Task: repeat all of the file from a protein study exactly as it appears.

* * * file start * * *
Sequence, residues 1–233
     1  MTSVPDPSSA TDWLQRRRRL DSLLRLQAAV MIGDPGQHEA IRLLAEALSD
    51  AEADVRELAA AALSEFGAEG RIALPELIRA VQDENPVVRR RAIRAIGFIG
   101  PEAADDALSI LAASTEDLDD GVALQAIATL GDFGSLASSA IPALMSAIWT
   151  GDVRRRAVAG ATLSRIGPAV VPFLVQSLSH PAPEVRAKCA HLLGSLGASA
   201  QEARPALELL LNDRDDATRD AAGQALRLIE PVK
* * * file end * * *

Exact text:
Sequence, residues 1–233
     1  MTSVPDPSSA TDWLQRRRRL DSLLRLQAAV MIGDPGQHEA IRLLAEALSD
    51  AEADVRELAA AALSEFGAEG RIALPELIRA VQDENPVVRR RAIRAIGFIG
   101  PEAADDALSI LAASTEDLDD GVALQAIATL GDFGSLASSA IPALMSAIWT
   151  GDVRRRAVAG ATLSRIGPAV VPFLVQSLSH PAPEVRAKCA HLLGSLGASA
   201  QEARPALELL LNDRDDATRD AAGQALRLIE PVK